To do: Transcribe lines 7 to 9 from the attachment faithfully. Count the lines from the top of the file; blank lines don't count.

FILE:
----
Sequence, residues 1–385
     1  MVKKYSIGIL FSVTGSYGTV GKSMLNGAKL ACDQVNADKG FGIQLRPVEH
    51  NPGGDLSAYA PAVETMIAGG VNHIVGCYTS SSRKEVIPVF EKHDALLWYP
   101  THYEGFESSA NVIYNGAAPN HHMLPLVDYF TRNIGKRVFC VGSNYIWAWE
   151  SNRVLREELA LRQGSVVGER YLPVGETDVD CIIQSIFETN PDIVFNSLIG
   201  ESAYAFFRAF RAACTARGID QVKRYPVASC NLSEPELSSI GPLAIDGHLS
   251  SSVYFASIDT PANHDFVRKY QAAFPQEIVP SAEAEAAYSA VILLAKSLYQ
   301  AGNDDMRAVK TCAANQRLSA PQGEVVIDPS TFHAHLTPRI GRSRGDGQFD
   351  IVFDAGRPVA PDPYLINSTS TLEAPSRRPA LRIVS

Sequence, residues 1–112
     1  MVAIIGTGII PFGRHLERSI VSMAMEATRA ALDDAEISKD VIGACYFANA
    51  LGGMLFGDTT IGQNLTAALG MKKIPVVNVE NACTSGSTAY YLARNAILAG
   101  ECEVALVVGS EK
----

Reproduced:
   251  SSVYFASIDT PANHDFVRKY QAAFPQEIVP SAEAEAAYSA VILLAKSLYQ
   301  AGNDDMRAVK TCAANQRLSA PQGEVVIDPS TFHAHLTPRI GRSRGDGQFD
   351  IVFDAGRPVA PDPYLINSTS TLEAPSRRPA LRIVS